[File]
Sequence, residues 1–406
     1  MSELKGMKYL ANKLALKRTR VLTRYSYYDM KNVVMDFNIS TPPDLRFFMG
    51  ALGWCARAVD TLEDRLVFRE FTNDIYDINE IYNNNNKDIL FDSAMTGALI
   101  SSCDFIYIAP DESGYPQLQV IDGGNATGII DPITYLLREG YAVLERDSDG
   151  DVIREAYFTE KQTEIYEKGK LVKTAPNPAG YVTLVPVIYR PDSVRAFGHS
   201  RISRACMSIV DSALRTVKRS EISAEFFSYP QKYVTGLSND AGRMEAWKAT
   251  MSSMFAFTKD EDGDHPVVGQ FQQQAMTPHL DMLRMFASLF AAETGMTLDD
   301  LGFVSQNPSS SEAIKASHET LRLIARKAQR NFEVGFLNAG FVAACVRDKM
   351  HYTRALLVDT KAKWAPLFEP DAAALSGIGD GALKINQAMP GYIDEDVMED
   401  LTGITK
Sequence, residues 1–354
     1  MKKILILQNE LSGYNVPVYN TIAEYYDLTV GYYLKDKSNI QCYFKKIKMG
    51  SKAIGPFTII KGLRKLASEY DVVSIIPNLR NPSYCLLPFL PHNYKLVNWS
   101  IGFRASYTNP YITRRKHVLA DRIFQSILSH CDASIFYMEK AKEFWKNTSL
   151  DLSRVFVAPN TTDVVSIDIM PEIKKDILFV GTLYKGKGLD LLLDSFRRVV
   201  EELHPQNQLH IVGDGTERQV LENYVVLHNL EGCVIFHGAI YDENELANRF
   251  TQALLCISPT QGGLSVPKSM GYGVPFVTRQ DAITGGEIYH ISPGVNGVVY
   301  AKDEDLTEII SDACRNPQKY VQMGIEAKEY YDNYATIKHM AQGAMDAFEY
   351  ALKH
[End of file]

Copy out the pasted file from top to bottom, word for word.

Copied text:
Sequence, residues 1–406
     1  MSELKGMKYL ANKLALKRTR VLTRYSYYDM KNVVMDFNIS TPPDLRFFMG
    51  ALGWCARAVD TLEDRLVFRE FTNDIYDINE IYNNNNKDIL FDSAMTGALI
   101  SSCDFIYIAP DESGYPQLQV IDGGNATGII DPITYLLREG YAVLERDSDG
   151  DVIREAYFTE KQTEIYEKGK LVKTAPNPAG YVTLVPVIYR PDSVRAFGHS
   201  RISRACMSIV DSALRTVKRS EISAEFFSYP QKYVTGLSND AGRMEAWKAT
   251  MSSMFAFTKD EDGDHPVVGQ FQQQAMTPHL DMLRMFASLF AAETGMTLDD
   301  LGFVSQNPSS SEAIKASHET LRLIARKAQR NFEVGFLNAG FVAACVRDKM
   351  HYTRALLVDT KAKWAPLFEP DAAALSGIGD GALKINQAMP GYIDEDVMED
   401  LTGITK
Sequence, residues 1–354
     1  MKKILILQNE LSGYNVPVYN TIAEYYDLTV GYYLKDKSNI QCYFKKIKMG
    51  SKAIGPFTII KGLRKLASEY DVVSIIPNLR NPSYCLLPFL PHNYKLVNWS
   101  IGFRASYTNP YITRRKHVLA DRIFQSILSH CDASIFYMEK AKEFWKNTSL
   151  DLSRVFVAPN TTDVVSIDIM PEIKKDILFV GTLYKGKGLD LLLDSFRRVV
   201  EELHPQNQLH IVGDGTERQV LENYVVLHNL EGCVIFHGAI YDENELANRF
   251  TQALLCISPT QGGLSVPKSM GYGVPFVTRQ DAITGGEIYH ISPGVNGVVY
   301  AKDEDLTEII SDACRNPQKY VQMGIEAKEY YDNYATIKHM AQGAMDAFEY
   351  ALKH